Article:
deeqSeq proposal

John Meacham john at
Mon Apr 10 18:43:49 EDT 2006

On Mon, Apr 10, 2006 at 02:40:44PM -0700, Andy Gill wrote:
> >it is unlikely it will even be possible to implement in jhc without
> >radical changes to its internals. there is just no where to attach
> >a bit
> >to, and even if there were, there is no generic way to evaluate
> >something to WHNF, or even a concept of WHNF in final grin. (grin code
> >can look inside unevaluated closures, hopefully making the thunk
> >non-updatable)
> I do not understand.
> - (A) I'm calling for a recursive descent function that does seq. I
> could
> write it in Haskell, for any specific type.  How is seq implemented jhs?

it is true, if you can express it in core, then jhc can implement it.
but there is no way to express 'the bit you want to steal' in core.
indeed there is no where to steal a bit from. there isn't a thunk type
at runtime in jhc. so implementing deepSeq in the traditinal way is
fine, optimizing it in the way you describe is not.

> - (B) Once we have this recursive function, I'm advocating for an
> optimization
> which will make it cheap. Why can't we just steal a bit in the (GHC)
> info table,
> rather than mess with LSB of pointers, or have two info tables?
> Yes, in grin this information would need to be used at compile time
>  but the resulting code would be considerably faster. A deepSeq is
> a gift to the compiler from the programmer.

actually, it may be slower in jhc. reducing to normal form is not
necessarily a win in jhc, and if you do do it, you want to evaluate a
function as _early_ as possible, as in, as close to its definition
point. 'evals' are inlined to have a branch for every possible way a
value could come about, since you could deepseq pretty much any type of
object, you would end up with huge expanded evals, but worse, it would
cause all these thunks to be updatable when they didn't need to be.

imagine a use of a thunk, rather than evaluate it to WHNF, jhc will just
pull the components right out of the unevaluated thunk, if at some point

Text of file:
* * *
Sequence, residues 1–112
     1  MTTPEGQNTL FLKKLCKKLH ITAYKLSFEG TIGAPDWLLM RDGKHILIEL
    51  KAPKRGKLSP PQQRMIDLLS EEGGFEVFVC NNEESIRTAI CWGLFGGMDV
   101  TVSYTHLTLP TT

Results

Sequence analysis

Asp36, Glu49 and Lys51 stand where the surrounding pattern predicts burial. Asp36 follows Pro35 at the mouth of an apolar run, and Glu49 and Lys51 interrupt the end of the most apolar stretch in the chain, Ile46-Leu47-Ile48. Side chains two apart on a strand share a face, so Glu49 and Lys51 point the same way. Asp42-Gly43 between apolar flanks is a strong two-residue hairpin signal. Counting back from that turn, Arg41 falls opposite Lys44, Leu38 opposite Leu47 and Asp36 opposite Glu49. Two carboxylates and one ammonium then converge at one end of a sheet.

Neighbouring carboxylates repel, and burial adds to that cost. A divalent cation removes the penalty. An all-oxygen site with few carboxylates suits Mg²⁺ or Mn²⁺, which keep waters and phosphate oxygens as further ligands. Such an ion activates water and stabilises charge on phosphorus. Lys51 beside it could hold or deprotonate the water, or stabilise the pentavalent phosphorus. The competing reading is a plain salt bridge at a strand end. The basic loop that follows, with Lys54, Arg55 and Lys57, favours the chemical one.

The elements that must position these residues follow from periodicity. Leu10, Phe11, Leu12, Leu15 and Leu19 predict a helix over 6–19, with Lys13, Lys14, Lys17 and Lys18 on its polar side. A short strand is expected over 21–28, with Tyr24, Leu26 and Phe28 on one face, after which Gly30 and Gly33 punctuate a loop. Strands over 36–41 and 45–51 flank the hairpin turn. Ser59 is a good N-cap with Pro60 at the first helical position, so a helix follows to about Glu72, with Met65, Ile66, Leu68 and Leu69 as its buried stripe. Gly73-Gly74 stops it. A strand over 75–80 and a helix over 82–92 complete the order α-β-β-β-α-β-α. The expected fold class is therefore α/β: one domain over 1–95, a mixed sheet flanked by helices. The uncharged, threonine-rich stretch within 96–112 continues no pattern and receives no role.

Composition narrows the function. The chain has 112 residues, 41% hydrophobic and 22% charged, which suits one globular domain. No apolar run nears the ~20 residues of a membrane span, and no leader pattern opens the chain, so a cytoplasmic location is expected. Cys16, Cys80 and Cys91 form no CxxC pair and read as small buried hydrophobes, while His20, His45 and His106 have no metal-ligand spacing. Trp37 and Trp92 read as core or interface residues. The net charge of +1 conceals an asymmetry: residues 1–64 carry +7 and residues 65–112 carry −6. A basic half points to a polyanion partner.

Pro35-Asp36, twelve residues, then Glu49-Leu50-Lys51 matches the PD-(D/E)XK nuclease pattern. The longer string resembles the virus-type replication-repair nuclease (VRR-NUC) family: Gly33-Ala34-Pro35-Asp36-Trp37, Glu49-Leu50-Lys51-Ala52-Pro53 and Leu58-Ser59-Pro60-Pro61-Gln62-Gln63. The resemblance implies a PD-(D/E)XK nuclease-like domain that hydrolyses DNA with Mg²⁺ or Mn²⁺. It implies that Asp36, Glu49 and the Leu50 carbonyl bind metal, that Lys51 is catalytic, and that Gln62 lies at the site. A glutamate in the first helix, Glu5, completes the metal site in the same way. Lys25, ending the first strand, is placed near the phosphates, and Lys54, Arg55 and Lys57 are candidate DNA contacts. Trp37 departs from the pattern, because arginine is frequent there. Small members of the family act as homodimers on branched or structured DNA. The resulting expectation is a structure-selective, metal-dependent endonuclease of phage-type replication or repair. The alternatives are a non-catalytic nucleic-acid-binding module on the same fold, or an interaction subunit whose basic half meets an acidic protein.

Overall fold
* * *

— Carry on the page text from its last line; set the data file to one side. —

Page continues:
in the past it might have been deepsequed, you suddenly need a case
statement to determine whether it has been evaluated or not. knowing
something has not been evaluated is just as valuable as knowing it has
definitely been.

for a quick example, imagine you have this function and it is not
optimized away in core for some reason or another.

> mktup x y = (y,x)

> foo x = case x of (x,y) -> bar x y
> main = let ... in foo (mktup a b)

now we convert to grin

> fmktup x y = do
>         return (CTuple y x)
> ffoo x = do
>         y <- eval x
>         update x y
>         (CTuple a b) <- y
>         bar a b
> main = do
>         ...
>         x <- Store (Fmktup a b)
>         ffoo x

things starting with capital letters are tags, parenthesized things are
nodes on the heap.

now, we do eval-expansion in ffoo, points to analysis determines a
suspended Fmktup may be passed into ffoo.

> ffoo x = do
>         x' <- fetch x
>         y <- case x' of
>                 (Fmktup a b) ->
>                         fmktup a b
>         update x y
>         (CTuple a b) <- y
>         bar a b

now, the case-of-case code motion (the y scrutinization is treated as a
simple case pulls the code into ffoo

> ffoo x = do
>         x' <- fetch x
>         case x' of
>                 (Fmktup a b) ->
>                         y <- fmktup a b
>                         update x y
>                         (CTuple a b) <- y
>                         bar a b

now, points-to analysis showed that nothing scrutinized this memory
location looking for a CTuple, therefor the update is uneeded.

also, fmktup is trivial so it is inlined

> ffoo x = do
>         x' <- fetch x
>         case x' of
>                 (Fmktup a b) ->
>                         y <- Return (CTuple b a)  -- inlined fmktup
>                         (CTuple a b) <- y
>                         bar a b

wrich trivially simplifise too

> ffoo x = do
>         x' <- fetch x
>         case x' of
>                 (Fmktup a b) ->
>                         bar b a
> ffoo x = do
>         (Fmktup a b) <- fetch x
>         bar b a

notice, there is no longer a concept of WHNF, Fmktup effectivly has
become the head normal form of that call due to standard optimization,
this type of transformation might happen to some suspended versions of
mktup, but not others, there is no way to tell from the heap location
itself whether it should be evaluated into WHNF or if uses are going to
pull its arguments right out of its closure or not.

deepseqing this case would only hurt performance as it would mean we couldn't
get rid of the 'update' or 'check if it is already a tuple' case. of
course, if mktup were some expensive call, then the opposite might be
true. in any case, deepseq is not always a win.

the above ffoo actually has another optimization waiting, arity raising,
since it knows x is always a pointer to a Fmktup, it pulls the arguments
out and passes 'a and b' to ffoo directly. since all function calls are
explicit in grin, we just go through and modify each call site


John Meacham - ⑆⑆john⑈

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